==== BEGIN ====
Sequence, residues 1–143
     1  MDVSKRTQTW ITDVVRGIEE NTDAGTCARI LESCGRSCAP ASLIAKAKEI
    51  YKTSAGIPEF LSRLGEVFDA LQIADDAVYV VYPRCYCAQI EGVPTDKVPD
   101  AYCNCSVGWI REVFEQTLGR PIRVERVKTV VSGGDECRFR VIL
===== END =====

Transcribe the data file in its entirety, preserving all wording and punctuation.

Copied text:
Sequence, residues 1–143
     1  MDVSKRTQTW ITDVVRGIEE NTDAGTCARI LESCGRSCAP ASLIAKAKEI
    51  YKTSAGIPEF LSRLGEVFDA LQIADDAVYV VYPRCYCAQI EGVPTDKVPD
   101  AYCNCSVGWI REVFEQTLGR PIRVERVKTV VSGGDECRFR VIL